Since 1998, there has been explosive growth in the number of Web sites offering to fill prescriptions or sell medications. But the proliferation of Internet prescriptions is sounding alarm bells for doctors, pharmacists and health authorities nationwide because of a lack of standards -- even illegal practices -- at some Web sites.
The National Association of Boards of Pharmacy (NABP) estimates there are at least 400 Web sites dispensing prescriptions in the United States. No one knows how many of these online pharmacies exist worldwide.
The next time your doctor writes you a prescription, consider this: The medication may not be approved for your specific condition or age group.
But you probably shouldn't call the medical board. The practice, called "off-label" prescribing, is entirely legal and very common. More than one in five outpatient prescriptions written in the U.S. are for off-label therapies.
"Off-label" means the medication is being used in a manner not specified in the FDA's approved packaging label, or insert. Every...
The advantage of Internet prescriptions is convenience. With a few keystrokes on the computer, prescriptions are filled and delivered by mail or can be picked up at a local pharmacy. Internet prescriptions are especially useful for seniors and people with disabilities who may have difficulty leaving the house.
But Web sites have offered the impotence drug Viagra, the allergy medicine Claritin and the anti-baldness pill Propecia without patients ever seeing a doctor, says Carmen Catizone, executive director of the NABP.
For example, a California Web site was dispensing hundreds of Viagra prescriptions per week to people who filled out brief medical questionnaires but never saw a doctor. The patients' responses were supposedly forwarded to a doctor for prescription approval, but health authorities later discovered the "doctor" was actually a retired veterinarian in Mexico. The site has since been closed.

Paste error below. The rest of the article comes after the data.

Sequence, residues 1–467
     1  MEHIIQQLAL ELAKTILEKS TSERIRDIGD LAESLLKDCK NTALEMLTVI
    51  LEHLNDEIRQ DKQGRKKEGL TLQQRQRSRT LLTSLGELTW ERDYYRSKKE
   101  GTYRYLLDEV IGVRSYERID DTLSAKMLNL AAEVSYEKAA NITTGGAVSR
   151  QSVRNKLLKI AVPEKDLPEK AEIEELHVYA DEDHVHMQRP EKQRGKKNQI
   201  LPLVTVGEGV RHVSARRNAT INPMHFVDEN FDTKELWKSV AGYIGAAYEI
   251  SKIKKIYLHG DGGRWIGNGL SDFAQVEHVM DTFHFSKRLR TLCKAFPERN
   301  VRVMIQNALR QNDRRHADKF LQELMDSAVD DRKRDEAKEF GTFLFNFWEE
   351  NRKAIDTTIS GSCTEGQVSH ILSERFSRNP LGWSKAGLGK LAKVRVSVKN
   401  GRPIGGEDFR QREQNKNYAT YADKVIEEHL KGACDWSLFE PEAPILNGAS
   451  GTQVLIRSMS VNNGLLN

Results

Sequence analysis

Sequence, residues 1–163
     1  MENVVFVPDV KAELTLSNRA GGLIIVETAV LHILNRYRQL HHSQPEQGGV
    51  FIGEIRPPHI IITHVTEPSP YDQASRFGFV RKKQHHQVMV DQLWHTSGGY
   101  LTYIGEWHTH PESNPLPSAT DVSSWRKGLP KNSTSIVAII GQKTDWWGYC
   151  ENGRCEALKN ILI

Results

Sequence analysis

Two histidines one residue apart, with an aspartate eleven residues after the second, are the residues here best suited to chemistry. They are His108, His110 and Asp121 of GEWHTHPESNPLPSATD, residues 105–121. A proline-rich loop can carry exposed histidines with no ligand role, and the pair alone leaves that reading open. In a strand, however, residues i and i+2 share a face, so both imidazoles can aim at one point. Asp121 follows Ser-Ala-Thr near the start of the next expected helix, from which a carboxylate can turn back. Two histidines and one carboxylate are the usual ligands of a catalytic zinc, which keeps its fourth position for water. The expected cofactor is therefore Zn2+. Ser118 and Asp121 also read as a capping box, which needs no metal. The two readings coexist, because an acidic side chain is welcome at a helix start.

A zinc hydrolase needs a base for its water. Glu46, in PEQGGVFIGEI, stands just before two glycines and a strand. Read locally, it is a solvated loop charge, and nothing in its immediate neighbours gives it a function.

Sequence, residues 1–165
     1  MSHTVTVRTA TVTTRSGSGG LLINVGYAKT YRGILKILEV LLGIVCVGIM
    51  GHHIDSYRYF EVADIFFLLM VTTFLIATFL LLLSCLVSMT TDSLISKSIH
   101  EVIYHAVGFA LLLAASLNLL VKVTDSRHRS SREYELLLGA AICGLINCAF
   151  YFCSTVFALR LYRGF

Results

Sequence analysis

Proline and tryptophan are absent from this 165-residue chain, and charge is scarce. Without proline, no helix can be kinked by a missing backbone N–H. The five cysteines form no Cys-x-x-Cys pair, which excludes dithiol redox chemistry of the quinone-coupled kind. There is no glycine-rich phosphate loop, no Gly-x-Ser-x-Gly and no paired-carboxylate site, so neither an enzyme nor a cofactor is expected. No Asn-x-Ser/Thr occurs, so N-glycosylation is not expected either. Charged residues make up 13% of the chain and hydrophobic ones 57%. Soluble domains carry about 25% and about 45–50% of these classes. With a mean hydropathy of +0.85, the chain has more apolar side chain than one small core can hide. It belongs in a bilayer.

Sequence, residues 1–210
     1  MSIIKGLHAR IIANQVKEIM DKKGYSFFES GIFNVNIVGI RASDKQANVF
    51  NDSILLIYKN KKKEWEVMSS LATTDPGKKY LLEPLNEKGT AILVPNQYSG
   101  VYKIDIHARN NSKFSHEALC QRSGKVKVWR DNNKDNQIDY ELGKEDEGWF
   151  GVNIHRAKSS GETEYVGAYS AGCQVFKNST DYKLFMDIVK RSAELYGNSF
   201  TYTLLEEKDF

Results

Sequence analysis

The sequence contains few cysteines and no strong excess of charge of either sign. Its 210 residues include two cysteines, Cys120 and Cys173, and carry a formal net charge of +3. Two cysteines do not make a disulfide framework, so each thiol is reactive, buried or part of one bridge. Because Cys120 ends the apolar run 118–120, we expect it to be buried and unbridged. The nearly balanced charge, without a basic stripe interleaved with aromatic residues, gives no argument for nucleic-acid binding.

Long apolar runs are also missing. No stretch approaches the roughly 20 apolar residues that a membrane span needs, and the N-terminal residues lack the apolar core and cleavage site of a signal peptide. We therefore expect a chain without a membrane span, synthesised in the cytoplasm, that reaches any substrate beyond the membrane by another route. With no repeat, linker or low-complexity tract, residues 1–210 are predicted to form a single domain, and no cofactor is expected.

"For us, that's a very dangerous situation," says Catizone, whose association members are state agencies that regulate pharmacies and pharmacists.
The American Medical Association (AMA) recommends that before prescribing medication, doctors should take a patient's medical history and discuss the benefits, risks and side effects of the treatment. In most cases the AMA suggests that doctors physically examine a patient. Without a thorough consultation with a physician, taking a prescription drug like Viagra can be risky if a patient has heart problems or other medical risks, or is taking a medication with potentially harmful interactions.
Research before Purchase
If you want to get a prescription through the Internet, use a Web site affiliated with a pharmacy, Catizone suggests. Stay away from sites that offer to prescribe medicine if you just have to answer a few questions or undergo what he calls a "cyberspace consultation."